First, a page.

After years of anticipation, Adelaide’s Never Never Distilling Co finally opened its distillery door in McLaren Vale in February. The next month it promptly shut due to Covid-19 restrictions.
While the team continues to adapt, brand director Sean Baxter says the closure has also allowed extra time for product development, accelerating the release of a long-planned collaboration with Chalk Hill Wines, which sits on the same property.
“When we moved into Chalk Hill, we knew it was the perfect place for collaboration,” Baxter tells Broadsheet. “When we shut the doors, it gave us the time to focus on Ginache, and we had the opportunity to really hone and perfect the liquid.”
The unique liquor – Never Never is calling it the “world’s first” grenache gin – combines the distillery’s award-winning Triple Juniper Gin with grenache grapes from Chalk Hill’s Slate Creek vineyard. The crushed fruit is steeped with gin at high proof “to extract bold flavour and colour”, says Baxter.
“By doing it this way you get the most cohesive integration between both the gin and fruit. That’s why it has that beautiful cherry luminescence, because it’s on skin for almost a month. We have to do very little to it – the integrity of the fruit and the flavour extracted really speaks for itself.”
The result is a lighter drink than the shiraz gins on the market, he says. “Shiraz is a heavier, darker flavour ... We wanted something more playful, and the flexiblity of grenache is just so suited to our gin – our Triple Juniper has lots of cinnamon and pepperberry complexity, which works with the spicy character of the grape, and the juniper and citrus notes really complement the bright, fruit-driven flavours of grenache.”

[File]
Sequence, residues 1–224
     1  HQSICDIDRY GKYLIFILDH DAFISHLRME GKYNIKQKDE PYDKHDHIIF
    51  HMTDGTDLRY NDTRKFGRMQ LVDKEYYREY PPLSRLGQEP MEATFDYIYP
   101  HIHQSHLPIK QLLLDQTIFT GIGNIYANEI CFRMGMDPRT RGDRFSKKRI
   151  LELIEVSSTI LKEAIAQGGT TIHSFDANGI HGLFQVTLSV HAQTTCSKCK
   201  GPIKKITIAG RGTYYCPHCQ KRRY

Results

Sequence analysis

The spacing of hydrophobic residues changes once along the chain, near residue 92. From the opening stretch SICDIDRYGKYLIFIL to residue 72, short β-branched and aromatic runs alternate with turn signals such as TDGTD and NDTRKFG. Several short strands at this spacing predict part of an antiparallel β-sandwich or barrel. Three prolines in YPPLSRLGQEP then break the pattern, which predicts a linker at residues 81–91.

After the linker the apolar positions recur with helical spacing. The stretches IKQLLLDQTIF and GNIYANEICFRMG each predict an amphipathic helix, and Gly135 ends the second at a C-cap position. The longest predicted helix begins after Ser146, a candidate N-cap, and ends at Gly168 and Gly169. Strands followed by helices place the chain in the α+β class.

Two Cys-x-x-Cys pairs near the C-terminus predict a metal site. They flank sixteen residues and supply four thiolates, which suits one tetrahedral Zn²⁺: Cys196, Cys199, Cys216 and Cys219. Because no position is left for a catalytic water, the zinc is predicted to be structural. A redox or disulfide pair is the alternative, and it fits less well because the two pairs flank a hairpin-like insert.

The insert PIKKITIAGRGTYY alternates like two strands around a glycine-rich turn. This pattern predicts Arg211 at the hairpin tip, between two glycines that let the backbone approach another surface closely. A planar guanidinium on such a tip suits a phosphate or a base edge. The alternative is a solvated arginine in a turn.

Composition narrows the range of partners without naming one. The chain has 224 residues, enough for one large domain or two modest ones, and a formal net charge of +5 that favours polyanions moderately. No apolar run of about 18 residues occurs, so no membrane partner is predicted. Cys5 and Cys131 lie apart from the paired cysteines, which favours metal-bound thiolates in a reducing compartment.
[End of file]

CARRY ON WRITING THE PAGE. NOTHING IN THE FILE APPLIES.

It helps that Chalk Hill “makes a belter grenache”, which it’s been producing for generations. It’s also a varietal synonymous with the McLaren Vale region.
The final product has notes of fresh raspberries and lemon balm, and tastes of “strawberry coulis and corner-store [raspberry lollies]”, says Baxter.
While some bars have pre-ordered the Ginache, it’s likely to sell out before they’re all back up and running – just 2500 bottles are being produced. Baxter says the company will save some bottles to sell at the distillery door when it reopens in June.
If you’re planning on snapping up a bottle online ($80 for 500 millilitres), Baxter suggests a few simple ways to enjoy it at home: as a classic G&T, on the rocks, or (his favourite) as a Tom Collins, “which is essentially gin and classic lemonade – all you need is gin, lemon juice, sugar and soda water”.